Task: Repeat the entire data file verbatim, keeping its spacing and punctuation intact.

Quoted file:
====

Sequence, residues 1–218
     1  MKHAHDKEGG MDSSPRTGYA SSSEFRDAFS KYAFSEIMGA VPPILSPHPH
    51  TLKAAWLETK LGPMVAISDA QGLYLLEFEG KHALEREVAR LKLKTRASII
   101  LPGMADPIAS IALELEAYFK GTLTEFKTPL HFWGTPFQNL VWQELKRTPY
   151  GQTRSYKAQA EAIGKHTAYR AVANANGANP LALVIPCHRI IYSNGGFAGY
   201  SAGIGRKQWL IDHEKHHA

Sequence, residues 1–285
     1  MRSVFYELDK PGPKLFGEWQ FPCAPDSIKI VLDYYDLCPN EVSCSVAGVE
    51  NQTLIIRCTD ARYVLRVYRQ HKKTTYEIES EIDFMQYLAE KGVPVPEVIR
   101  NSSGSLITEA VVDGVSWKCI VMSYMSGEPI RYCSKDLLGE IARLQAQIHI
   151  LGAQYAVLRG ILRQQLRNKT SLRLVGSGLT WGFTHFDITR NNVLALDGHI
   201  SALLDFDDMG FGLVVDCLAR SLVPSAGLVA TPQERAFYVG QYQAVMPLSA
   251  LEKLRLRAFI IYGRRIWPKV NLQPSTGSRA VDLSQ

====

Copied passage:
Sequence, residues 1–218
     1  MKHAHDKEGG MDSSPRTGYA SSSEFRDAFS KYAFSEIMGA VPPILSPHPH
    51  TLKAAWLETK LGPMVAISDA QGLYLLEFEG KHALEREVAR LKLKTRASII
   101  LPGMADPIAS IALELEAYFK GTLTEFKTPL HFWGTPFQNL VWQELKRTPY
   151  GQTRSYKAQA EAIGKHTAYR AVANANGANP LALVIPCHRI IYSNGGFAGY
   201  SAGIGRKQWL IDHEKHHA

Sequence, residues 1–285
     1  MRSVFYELDK PGPKLFGEWQ FPCAPDSIKI VLDYYDLCPN EVSCSVAGVE
    51  NQTLIIRCTD ARYVLRVYRQ HKKTTYEIES EIDFMQYLAE KGVPVPEVIR
   101  NSSGSLITEA VVDGVSWKCI VMSYMSGEPI RYCSKDLLGE IARLQAQIHI
   151  LGAQYAVLRG ILRQQLRNKT SLRLVGSGLT WGFTHFDITR NNVLALDGHI
   201  SALLDFDDMG FGLVVDCLAR SLVPSAGLVA TPQERAFYVG QYQAVMPLSA
   251  LEKLRLRAFI IYGRRIWPKV NLQPSTGSRA VDLSQ